We drive from Tingo Maria to Tocache. It rains every day, and with each drop my mood sinks. With every passing cloud, I wish to be back at the Pan American highway, where it was at least dry. There is not much beauty to my eyes, only trees, green lushness, rivers and never very far to have my sight wander. In the jungle uninterrupted views do not exist.
I feel a bit ashamed towards Geo, who now finally likes where he is, that I am not enthusiastic. In fact, for the very first time he finds it truly beautiful. I reply with a lukewarm ‘hmm, yes’ to his ‘how beautiful it is here!’ We have now changed perspectives and I realize that I, like Geo, do not want to be where I would not want to live.
On one of our rainy camp spots, I need to seek shelter in Geo’s cheap Chinese tent, while he takes a shower in the rain, almost dancing around from happiness.
I dislike the humidity, the wetness, the smell of marshy dogs and camping among very big insects. Everything is either wet, damp or severely wrapped in endless layers of plastic to keep it dry. The mosquitoes drive their poison into us, like hundreds of tiny injections, their juices keep itching, almost weeks after. I find out that the locals suffer these tiny mosquitoes the size of fruitflies as well, but none of them have liquid oozing out of their bites…
While the rain stopped pouring down, Geo and I try to dry our stuff on the only flat surface we found. A place that Geo called ‘the best camp spot ever so far’, and where now a family appears. I’d found this spot and was surprised to see such level ground unused. It turns out it will be used, as Victor tells us, the father of the family who’d appeared in their own mototaxi. This is his plot, the fruit trees and pineapples surrounding are his and we are most welcome to stay. He points at my tent and says it is most unsuitable for the jungle. I agree.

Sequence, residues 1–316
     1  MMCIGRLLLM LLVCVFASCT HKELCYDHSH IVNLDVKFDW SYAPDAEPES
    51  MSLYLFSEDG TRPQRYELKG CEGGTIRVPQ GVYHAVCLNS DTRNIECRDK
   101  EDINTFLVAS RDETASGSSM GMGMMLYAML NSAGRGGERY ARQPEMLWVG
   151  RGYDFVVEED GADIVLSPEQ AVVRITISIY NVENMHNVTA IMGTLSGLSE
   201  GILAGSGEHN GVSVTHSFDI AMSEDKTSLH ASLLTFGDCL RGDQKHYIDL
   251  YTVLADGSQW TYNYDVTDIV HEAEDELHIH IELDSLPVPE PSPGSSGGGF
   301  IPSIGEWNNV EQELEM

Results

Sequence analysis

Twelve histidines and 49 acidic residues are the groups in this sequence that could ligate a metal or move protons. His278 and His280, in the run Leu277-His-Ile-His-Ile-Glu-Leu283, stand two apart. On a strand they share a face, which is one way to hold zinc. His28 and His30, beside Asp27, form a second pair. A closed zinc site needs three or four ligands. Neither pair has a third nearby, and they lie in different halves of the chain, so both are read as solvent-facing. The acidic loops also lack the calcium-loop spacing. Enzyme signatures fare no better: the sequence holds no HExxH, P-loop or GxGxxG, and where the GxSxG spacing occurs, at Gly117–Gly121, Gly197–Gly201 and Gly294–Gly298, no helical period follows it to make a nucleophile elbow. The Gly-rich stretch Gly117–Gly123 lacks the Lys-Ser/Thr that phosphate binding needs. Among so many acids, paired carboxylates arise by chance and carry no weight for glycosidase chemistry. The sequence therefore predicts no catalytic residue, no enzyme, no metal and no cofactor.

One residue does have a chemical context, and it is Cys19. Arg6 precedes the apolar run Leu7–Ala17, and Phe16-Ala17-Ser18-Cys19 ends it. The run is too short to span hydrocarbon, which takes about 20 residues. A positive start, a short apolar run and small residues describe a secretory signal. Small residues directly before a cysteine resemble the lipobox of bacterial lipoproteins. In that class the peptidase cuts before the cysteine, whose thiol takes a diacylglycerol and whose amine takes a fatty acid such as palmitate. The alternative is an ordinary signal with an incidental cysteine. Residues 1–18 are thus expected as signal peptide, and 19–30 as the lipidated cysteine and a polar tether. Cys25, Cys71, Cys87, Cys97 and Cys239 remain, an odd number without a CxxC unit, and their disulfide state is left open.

Victor’s wife tells me the red beads I was collecting are coming from a tree, and her ancestors made necklaces from it. I instantly realize I miss contact with the locals, especially the tribes deep in the forest. But we have decided to keep things rather easy and stay on the only main road plying the selva jungle.
In my opinion, we are far from the real impenetrable jungle. We are just in a surrounding with many trees, on a very good asphalted road. It may be abundant lushness, unable to walk through unless one uses a machete. Yet a road with trucks is not very Junglebook-alike.
We go to Chontayacu, a hamlet opposite the river and the main road 5N. Victor told us this road is impossible to use in rainy season, that it is closed off by water. For us, such advice is a good reason to try. The road is atmospherically unpaved, embedded by green abundance. We are now in the middle of coffee, cacao and banana plantations, though coca plantations gain the best profit. We want to pass on greetings of an acquaintance of Geo to the people in this place, and so we have a reason to visit a small Peruvian village.
The drive is fantastic adventurous and we end up in an empty church. Literally a blessing since more rain falls from the heavens. Big Agnes tent and Cindy just don’t like rain. In this village, as with the Altiplano, most young people want to leave the hard agricultural work and low income, instead flock to Lima. The ever growing city, to bundle up in offices and have a slice of the good, comfortable living.
In this village it is not all fine and dandy either. The cacao trees have all got infested and the whole harvest was a failure.